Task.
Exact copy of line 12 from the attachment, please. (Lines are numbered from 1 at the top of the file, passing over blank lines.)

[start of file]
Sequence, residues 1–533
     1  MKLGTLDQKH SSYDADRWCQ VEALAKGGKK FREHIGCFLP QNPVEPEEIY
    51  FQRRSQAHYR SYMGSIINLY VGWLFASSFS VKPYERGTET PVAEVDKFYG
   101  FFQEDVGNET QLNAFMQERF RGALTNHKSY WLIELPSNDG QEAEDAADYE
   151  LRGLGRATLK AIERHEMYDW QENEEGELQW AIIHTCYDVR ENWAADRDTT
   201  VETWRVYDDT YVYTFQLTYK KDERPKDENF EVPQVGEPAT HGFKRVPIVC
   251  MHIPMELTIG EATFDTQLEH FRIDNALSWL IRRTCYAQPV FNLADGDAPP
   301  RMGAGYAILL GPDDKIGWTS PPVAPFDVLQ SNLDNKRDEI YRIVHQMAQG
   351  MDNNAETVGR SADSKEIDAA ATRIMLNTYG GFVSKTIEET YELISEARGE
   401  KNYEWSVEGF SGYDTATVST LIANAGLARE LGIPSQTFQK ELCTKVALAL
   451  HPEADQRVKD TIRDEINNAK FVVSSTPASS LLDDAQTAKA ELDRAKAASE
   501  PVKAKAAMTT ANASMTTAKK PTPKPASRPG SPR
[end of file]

   501  PVKAKAAMTT ANASMTTAKK PTPKPASRPG SPR